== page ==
Title: The Harvard Psychedelic Club
Author: Don Lattin
Page Count/Review Word Count: 256
Don’t let this book’s appearance fool you. At first glance, it looks more like a textbook than the stunning piece of investigative non-fiction that it is, but it’s eminently readable and a lot of fun to boot.
This book tells the story of four influential people – Timothy Leary, Ram Dass, Huston Smith and Andrew Weil – and promises to show you how they “killed the fifties and ushered in a new age for America”. It delivers on that promise, and it’s interesting to see how the formation of the Harvard Psychedelic Club rocked the establishment.
Of the four of them, Leary is the most well-known for psychedelia. He’s one of the primary people that helped to popularise the use of LSD in the 1960s, but the others all had their roles to play too. It’s interesting to see how their lives converged and then separated again, and while the majority of the action takes place in the 50s and 60s, it still takes you pretty much right up to the present date.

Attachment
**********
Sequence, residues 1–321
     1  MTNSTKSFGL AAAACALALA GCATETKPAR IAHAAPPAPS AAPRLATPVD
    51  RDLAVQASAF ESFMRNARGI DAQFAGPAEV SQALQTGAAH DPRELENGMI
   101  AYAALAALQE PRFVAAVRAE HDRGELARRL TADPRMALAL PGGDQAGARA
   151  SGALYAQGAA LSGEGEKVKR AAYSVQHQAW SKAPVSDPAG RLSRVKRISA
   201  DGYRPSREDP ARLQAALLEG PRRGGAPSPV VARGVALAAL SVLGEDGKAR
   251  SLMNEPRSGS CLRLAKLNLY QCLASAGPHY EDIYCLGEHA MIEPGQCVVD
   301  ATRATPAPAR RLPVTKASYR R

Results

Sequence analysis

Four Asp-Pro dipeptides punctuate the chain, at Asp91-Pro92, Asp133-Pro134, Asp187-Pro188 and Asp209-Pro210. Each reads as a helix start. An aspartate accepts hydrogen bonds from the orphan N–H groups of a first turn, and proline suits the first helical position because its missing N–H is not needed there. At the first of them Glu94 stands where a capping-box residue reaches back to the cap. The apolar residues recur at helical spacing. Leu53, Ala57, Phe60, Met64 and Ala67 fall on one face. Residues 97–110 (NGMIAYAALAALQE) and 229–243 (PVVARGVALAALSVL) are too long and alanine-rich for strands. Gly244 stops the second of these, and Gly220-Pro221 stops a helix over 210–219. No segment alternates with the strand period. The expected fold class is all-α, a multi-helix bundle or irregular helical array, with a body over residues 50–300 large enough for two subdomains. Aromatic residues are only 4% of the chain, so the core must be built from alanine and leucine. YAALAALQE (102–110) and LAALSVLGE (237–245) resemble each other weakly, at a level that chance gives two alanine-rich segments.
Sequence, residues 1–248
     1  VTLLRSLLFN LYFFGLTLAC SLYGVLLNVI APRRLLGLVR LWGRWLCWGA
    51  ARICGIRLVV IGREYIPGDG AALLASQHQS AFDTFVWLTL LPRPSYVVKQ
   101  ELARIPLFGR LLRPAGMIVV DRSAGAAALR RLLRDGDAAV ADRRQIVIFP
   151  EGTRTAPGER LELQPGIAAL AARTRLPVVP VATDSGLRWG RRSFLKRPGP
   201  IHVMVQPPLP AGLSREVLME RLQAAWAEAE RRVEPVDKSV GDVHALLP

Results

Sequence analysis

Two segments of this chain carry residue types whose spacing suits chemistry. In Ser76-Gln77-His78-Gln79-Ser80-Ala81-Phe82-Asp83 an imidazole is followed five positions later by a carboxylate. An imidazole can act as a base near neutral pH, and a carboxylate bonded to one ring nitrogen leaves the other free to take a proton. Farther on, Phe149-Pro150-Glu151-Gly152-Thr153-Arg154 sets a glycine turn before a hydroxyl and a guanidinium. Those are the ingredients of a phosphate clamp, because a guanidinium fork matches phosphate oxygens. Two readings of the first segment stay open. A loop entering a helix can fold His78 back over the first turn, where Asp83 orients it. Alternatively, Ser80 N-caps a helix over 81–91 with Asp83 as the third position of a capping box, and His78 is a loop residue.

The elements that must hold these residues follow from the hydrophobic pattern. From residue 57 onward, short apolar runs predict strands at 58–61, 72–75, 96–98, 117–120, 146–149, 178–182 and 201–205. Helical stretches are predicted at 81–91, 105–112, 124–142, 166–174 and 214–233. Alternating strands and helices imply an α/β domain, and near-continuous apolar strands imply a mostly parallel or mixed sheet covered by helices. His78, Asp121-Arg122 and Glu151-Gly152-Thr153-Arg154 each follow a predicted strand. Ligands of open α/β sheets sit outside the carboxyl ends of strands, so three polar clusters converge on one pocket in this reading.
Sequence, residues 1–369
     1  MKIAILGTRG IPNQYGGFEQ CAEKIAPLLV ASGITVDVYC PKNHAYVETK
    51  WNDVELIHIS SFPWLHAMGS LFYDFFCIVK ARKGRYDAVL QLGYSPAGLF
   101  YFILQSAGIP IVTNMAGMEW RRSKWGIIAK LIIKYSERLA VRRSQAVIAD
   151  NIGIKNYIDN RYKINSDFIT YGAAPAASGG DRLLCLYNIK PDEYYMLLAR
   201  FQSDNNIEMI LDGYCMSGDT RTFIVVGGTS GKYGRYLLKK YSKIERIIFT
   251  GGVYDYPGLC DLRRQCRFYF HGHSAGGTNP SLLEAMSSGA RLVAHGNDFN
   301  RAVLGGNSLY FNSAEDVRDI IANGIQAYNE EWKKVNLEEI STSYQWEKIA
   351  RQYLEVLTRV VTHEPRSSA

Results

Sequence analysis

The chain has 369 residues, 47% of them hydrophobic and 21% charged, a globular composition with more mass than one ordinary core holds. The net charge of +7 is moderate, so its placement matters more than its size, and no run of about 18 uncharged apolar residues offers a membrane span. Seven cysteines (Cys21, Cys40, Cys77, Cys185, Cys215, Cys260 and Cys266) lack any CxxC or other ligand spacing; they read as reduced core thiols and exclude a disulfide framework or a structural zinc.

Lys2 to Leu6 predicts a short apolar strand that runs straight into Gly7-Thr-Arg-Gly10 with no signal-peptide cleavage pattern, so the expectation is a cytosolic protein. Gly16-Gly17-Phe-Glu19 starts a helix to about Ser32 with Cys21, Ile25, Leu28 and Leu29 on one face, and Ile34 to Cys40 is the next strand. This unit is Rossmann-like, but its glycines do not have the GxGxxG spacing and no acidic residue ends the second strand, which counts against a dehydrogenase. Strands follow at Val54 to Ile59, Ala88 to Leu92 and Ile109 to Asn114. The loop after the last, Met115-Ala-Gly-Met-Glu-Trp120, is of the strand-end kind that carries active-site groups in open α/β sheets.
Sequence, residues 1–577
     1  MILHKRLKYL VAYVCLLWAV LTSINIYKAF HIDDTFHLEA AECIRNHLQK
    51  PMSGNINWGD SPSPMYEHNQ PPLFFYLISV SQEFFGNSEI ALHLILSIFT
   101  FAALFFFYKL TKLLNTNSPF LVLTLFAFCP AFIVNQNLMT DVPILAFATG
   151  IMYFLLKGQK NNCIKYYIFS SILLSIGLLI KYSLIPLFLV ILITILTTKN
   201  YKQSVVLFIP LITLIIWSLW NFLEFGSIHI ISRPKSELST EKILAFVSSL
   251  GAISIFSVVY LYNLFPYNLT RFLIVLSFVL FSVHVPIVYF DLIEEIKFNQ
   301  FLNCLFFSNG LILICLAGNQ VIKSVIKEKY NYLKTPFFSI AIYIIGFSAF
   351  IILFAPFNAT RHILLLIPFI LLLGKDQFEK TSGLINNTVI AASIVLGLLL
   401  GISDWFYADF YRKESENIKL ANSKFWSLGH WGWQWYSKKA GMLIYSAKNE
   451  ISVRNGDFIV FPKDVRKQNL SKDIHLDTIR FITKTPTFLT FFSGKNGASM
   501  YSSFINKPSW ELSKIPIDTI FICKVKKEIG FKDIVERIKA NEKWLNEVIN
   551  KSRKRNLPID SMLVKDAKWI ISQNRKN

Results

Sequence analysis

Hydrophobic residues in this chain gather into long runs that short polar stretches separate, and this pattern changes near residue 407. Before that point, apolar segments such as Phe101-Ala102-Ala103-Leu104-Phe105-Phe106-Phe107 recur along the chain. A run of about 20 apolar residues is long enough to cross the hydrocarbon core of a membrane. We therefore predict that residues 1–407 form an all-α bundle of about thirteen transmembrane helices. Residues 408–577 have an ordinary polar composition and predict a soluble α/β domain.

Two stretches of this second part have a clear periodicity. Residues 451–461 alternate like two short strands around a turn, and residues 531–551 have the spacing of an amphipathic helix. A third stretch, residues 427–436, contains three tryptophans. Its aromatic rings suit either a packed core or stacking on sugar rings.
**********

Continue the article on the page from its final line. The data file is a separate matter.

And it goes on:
Because of that, it takes you on a journey through time that allows you to see how the actions of these four fascinating men changed the world – not just for the sixties but for good. And there’s no pretension – Lattin covers it impartially but passionately, and that’s just fine by me. Overall then, it’s the perfect read for people with varied interests.